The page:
by Robin Kemp

Georgia State Rep. “Able” Mable Thomas (D-56, Atlanta) is calling for an end to no-knock warrants in Georgia in a Sept. 25 press release.

Thomas, who is one of the candidates running to finish the late Rep. John Lewis’ final term in the U.S. House of Representatives, was a cosponsor of HB 1209 during the 2020 session, which would outlaw no-knock warrants. The bill defines “no-knock provision” as “a provision in a search warrant that authorizes the executing officer to enter without giving audible, verbal notice of such officer’s presence, authority, and purpose” and would prohibit warrants with no-knock provisions from being issued.

HB 1209, which got to a second reading in the Georgia House in June, also was cosponsored by Reps. Robert Trammell (D-132, Luthersville), James Beverly (D-143, Macon), Calvin Smyre (D-135, Columbus), Carolyn Hugley (D-136, Columbus), and Erica Thomas (D-39, Austell).

“It is time for the Georgia House of Representatives to pass legislation to address the dangerous, and sometimes deadly, use of no-knock warrants,” Thomas said. said. “I strongly believe that neither Breonna Taylor nor Kathryn Johnston, who was my constituent, deserved to die at the hands of state and police misconduct. It is time to demand justice for Breonna Taylor as we did for Kathryn Johnston. The state of Georgia needs to follow Atlanta City Council’s lead on this issue and pass House Bill 1209 to repeal the deadly no-knock warrant process.”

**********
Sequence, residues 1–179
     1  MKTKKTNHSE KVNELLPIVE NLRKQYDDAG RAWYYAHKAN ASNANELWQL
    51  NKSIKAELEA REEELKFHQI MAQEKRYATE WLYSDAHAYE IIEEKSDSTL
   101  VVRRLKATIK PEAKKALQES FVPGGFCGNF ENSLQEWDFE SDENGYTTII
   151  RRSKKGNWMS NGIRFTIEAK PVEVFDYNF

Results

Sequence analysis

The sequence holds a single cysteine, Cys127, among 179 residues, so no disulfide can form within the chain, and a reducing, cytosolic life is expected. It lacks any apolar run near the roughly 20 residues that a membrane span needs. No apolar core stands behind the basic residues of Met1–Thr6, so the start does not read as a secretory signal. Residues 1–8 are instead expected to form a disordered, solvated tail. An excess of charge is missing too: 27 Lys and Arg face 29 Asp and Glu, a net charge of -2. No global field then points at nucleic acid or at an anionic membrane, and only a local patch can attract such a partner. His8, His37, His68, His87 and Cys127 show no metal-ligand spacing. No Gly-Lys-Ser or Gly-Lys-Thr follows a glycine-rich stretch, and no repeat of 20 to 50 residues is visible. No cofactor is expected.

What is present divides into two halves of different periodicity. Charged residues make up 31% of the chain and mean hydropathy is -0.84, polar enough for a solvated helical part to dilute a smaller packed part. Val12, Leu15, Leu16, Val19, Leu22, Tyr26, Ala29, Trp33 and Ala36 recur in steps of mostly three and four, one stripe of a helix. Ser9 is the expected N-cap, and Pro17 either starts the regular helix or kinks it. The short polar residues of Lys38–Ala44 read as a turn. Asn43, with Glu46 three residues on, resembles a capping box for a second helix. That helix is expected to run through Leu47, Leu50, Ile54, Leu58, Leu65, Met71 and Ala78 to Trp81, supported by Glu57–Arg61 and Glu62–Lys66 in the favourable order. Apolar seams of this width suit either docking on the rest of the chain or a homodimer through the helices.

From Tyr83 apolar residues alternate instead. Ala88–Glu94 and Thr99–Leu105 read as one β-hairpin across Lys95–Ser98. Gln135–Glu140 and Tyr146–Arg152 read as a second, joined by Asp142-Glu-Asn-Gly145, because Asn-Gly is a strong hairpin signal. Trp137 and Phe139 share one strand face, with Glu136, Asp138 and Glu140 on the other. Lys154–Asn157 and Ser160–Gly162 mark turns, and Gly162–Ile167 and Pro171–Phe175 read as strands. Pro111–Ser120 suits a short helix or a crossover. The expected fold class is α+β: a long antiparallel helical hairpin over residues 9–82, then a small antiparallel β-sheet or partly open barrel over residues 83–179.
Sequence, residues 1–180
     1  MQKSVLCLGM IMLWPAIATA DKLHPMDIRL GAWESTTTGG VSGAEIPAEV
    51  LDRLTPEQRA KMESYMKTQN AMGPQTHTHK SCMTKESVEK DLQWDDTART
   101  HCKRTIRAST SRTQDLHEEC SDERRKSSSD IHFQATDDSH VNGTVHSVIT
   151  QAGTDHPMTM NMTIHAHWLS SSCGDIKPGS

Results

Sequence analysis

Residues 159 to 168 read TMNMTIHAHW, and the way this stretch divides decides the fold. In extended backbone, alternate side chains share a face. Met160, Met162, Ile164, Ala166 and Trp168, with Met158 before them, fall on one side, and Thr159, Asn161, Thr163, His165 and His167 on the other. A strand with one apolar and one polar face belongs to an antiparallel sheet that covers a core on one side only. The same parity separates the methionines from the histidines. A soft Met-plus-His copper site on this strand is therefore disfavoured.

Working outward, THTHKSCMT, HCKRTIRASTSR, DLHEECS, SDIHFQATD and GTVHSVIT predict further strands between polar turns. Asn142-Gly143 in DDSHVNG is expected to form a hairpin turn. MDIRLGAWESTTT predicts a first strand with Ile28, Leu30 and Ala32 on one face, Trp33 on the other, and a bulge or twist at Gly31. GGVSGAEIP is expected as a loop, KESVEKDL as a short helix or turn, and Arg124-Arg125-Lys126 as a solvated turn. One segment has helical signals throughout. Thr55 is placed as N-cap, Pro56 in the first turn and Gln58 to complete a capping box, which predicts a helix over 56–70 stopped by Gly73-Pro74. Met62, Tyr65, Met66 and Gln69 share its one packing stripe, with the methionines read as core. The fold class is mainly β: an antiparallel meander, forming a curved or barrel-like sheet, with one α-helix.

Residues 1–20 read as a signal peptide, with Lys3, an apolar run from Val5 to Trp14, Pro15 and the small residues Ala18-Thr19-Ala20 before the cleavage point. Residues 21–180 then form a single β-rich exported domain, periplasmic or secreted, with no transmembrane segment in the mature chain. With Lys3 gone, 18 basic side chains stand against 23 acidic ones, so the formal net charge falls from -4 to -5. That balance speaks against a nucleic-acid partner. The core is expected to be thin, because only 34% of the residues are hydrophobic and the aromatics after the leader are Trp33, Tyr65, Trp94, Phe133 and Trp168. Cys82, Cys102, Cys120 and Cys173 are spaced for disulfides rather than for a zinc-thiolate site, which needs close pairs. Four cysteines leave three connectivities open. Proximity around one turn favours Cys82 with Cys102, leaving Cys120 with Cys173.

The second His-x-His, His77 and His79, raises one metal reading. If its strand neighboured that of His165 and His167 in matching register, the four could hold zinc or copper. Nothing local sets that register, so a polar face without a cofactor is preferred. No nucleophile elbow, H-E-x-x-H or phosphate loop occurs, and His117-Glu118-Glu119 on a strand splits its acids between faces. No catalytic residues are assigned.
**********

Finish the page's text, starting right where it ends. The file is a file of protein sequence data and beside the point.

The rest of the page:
Rep. Thomas was instrumental in the English Avenue community’s response to the 2006 police shooting of Kathryn Johnston, 92. Johnson died in a hail of bullets after Atlanta Police officers burst into her home and she fired a single shot. APD officers fired 39 shots, hitting each other as well as Johnson. One officer, Jason R. Smith, later admitted to planting drugs from another case in Johnson’s house. A police informant later told Fox 5 that police had pressured him to lie about buying drugs at Johnson’s home. WSB reported that a detective involved in the raid, Gregg Junnier, told the Federal Bureau of Investigation that police lied about some details to get the no-knock warrant.

Junnier, Smith, and Arthur Tesler later pleaded guilty to conspiring to violate civil rights resulting in Johnson’s death, along with other charges, and were sentenced to various federal prison terms between 5 and 10 years. A judge also ordered the officers to reimburse the family’s funeral expenses.

The case led to both state and federal investigations of APD and review of about 100 other cases. The narcotics team was placed on administrative leave. Following this incident and the 2009 raid on the Eagle Bar in Midtown, the Red Dog Unit was disbanded in 2012.

As a result of the Johnston case, the Atlanta Police Red Dog unit was abolished, the DC 6-disorderly conduct law was overturned, and the Citizen Police Review Board was reinstated by Atlanta City Council. Kathryn Johnston’s family also received a $4.9 million settlement. Thomas and local activists created the Kathryn Johnston Memorial Park opened last year in the English Avenue/Vine City neighborhood, which uses “green water mitigation” in an area that had been plagued with sewer overflows.